Yes, that's right—our second recommendation is another app owned by Facebook. But where WhatsApp largely serves foreign and developing countries, Facebook Messenger is the app that's caught on in Facebook's own home country, largely based on the ubiquity of Facebook in our modern culture. With a built-in user base of over 2 billion users, Facebook Messenger is the easiest way to chat with the people you already know, even if you'll likely find the discovery tools to be a bit lacking overall.
Let's start with the basics. If you haven't used Facebook Messenger before, you likely aren't on Facebook. The app does, unsurprisingly, require a Facebook profile, but Messenger itself doesn't require Facebook to be installed on your phone. Once you've loaded into the main app, you'll find the main page to be a bit busy. The top features a search bar, along with a tab-based interface for your inbox, active users, group messages, and calls. In the inbox tab, you'll find your messages in reverse-chronological order, along with an "Active Now" interface built in. And if you scroll up, you'll find Messenger's hidden "Stories" feature, a direct copy of Snapchat's own stories (though you're much less likely to find anyone using it). At the very bottom of the app are a few more tabs: home, contacts, camera, games, and a Facebook group feature for messaging brands and companies. It's all a bit much, if you're new to the app, but most of the features can be easily ignored.
The basic chat interface is clean, though, with a nice, bright blue-on-white interface. From within each chat thread, there are various options to choose from for sending messages. At the top of the messaging interface, you can activate a voice or video call to any user, making it easy to reach out to anyone regardless of their operating system of choice. At the bottom of each chat, you have near-endless possibilities for sending messages to users and others. You can send your location, photos, videos, audio recordings, emojis, stickers, even money, all within a single app. The possibilities are nearly limitless, making it easy to send all sorts of messages to others quickly and easily.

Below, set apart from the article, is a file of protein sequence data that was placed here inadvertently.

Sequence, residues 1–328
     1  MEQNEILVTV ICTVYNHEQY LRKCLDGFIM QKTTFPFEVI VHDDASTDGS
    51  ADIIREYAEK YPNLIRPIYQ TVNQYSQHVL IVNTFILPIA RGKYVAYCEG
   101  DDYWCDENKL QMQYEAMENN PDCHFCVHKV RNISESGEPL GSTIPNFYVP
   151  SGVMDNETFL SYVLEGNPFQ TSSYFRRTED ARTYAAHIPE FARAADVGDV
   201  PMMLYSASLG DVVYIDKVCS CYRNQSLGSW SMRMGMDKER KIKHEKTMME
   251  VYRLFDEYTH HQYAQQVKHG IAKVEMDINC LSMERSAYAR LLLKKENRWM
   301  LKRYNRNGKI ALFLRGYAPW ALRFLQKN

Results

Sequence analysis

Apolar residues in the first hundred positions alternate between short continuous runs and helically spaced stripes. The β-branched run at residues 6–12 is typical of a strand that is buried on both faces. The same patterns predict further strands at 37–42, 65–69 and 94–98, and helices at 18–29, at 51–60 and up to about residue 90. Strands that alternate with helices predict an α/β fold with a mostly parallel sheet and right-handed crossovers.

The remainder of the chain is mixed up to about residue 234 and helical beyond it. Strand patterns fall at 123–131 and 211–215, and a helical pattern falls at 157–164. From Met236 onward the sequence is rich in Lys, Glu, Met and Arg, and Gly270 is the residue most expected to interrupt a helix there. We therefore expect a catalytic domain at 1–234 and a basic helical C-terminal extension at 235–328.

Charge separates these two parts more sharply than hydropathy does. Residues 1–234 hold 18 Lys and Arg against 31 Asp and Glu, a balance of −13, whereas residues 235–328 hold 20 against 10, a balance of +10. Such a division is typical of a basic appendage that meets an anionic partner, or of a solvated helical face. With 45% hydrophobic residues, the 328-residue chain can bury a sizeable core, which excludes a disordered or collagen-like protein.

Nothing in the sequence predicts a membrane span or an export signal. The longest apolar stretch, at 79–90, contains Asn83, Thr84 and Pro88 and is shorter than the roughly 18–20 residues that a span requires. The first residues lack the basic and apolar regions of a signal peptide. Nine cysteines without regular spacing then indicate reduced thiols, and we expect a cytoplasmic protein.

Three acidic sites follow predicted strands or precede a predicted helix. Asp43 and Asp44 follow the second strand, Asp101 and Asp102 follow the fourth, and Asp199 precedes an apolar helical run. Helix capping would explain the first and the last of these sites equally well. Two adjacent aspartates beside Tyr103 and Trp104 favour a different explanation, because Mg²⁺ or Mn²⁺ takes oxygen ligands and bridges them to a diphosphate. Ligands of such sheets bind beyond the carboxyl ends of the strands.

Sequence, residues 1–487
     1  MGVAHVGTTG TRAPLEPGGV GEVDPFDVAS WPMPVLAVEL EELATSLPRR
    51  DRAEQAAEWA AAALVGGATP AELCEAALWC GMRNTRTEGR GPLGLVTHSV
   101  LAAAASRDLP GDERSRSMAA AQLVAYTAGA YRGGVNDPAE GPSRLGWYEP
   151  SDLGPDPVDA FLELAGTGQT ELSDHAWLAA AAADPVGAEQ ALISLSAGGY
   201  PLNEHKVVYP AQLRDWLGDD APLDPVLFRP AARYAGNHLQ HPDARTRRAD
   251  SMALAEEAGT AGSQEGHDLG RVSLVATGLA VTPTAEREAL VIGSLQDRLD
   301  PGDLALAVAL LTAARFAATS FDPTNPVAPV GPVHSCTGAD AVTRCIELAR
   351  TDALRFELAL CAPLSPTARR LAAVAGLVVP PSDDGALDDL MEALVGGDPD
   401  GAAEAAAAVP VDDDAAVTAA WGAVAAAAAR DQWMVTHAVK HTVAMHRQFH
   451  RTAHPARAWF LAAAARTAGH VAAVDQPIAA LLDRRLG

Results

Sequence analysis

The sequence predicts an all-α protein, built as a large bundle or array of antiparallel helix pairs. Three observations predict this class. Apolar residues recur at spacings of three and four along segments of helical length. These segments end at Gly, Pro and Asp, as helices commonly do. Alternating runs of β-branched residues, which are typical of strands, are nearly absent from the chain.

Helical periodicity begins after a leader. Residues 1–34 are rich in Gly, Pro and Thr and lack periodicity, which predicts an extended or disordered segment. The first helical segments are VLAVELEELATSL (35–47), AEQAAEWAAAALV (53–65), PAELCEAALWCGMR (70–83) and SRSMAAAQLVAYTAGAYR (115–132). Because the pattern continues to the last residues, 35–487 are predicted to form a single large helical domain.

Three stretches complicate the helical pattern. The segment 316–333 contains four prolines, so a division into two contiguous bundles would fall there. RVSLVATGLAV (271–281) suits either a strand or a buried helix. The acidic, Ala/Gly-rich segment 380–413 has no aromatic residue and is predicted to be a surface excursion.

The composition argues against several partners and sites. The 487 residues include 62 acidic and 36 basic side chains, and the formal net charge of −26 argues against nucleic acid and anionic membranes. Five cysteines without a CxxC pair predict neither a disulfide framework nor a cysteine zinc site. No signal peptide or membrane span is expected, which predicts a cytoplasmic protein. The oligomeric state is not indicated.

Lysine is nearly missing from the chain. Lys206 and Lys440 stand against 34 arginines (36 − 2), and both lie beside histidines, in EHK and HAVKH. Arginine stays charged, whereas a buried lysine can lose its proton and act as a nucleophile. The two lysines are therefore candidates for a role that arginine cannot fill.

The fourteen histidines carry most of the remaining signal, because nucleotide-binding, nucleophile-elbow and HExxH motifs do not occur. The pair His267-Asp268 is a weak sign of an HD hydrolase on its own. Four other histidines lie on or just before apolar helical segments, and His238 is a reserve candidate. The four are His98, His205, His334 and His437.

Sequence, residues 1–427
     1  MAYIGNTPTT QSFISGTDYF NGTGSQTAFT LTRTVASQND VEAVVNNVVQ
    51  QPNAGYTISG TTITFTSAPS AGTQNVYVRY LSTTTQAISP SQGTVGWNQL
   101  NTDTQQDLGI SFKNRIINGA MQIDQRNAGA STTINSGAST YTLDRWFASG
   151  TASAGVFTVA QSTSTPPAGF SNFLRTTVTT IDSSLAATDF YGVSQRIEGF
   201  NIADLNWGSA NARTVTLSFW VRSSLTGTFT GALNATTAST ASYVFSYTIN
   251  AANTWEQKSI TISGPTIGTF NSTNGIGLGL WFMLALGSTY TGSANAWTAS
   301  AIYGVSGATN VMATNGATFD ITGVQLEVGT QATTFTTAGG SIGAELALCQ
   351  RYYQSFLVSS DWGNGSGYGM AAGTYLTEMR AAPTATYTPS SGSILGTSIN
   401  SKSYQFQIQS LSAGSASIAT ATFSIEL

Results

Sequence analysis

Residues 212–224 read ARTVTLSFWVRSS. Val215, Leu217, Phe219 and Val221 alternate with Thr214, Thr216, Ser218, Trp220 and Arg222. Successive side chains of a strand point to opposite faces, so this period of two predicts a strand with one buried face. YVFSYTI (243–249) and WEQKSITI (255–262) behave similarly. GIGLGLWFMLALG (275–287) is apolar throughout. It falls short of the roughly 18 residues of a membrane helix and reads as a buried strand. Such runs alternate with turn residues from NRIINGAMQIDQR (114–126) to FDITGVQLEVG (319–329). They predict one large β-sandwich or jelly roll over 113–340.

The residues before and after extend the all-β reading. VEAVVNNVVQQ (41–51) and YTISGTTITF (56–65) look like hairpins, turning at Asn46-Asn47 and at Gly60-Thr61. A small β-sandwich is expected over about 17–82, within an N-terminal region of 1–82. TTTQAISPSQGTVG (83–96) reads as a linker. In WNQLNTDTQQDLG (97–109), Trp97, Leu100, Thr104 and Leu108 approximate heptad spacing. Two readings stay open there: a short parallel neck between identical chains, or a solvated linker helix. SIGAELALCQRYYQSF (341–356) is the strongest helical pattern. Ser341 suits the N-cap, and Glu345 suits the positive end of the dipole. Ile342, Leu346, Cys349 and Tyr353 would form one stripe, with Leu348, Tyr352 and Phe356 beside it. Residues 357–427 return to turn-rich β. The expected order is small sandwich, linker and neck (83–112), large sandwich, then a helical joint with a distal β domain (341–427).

Each chat thread can be customized by hitting the information button in the top-right corner, From there, you can change how notifications work, modify the chat's color theme, pick your automatic emoji for the thread (by default, it's a like), change nicknames for people inside the app, enable a "secret conversation" mode that automatically deletes messages after a certain amount of time, and more. The customization involved in Messenger is something we haven't seen from most other messaging apps, making it a unique offering among the litany of other selections.
As we mentioned, Facebook Messenger manages to fit in more features than most users will ever need or want. There's the Snapchat-styled AR filters and stickers, allowing you to add effects and designs to your Snap-like photo messages for sending to users. There's the aforementioned Stories rip-off, though no one seems to be using it too much. There's a built-in games interface within Messenger, with multiplayer games where you can compete against your friends for points and high scores. A lot of this might seem like bloat—and it is, to a point—but it also makes for one of the most well-rounded chat apps on the market today. In fact, Facebook Messenger really only falls in one major category: discovery. You don't necessarily need to be friends on Facebook with someone to message them, but you're going to run into the unique problem of your message being pushed into an "Other" category that hides your message automatically. This lack of ability to meet and communicate with new people makes it difficult to compete with Kik.
But overall, Messenger is one of the best appsyou can pick on the market. For one, the audience is there—you won't have to convince your friends to switch over to a new messaging app if they're already on this one. The app is loaded with features, making it a one-stop shop to replace pretty much any communication app on your phone. The built-in functionality works well, even if some of it is directly taken from apps like Snapchat or Venmo. The app can be a bit of a battery and resource hog, and it's certainly not a slim app, but for replacing apps like Kik, you won't find much better than Messenger.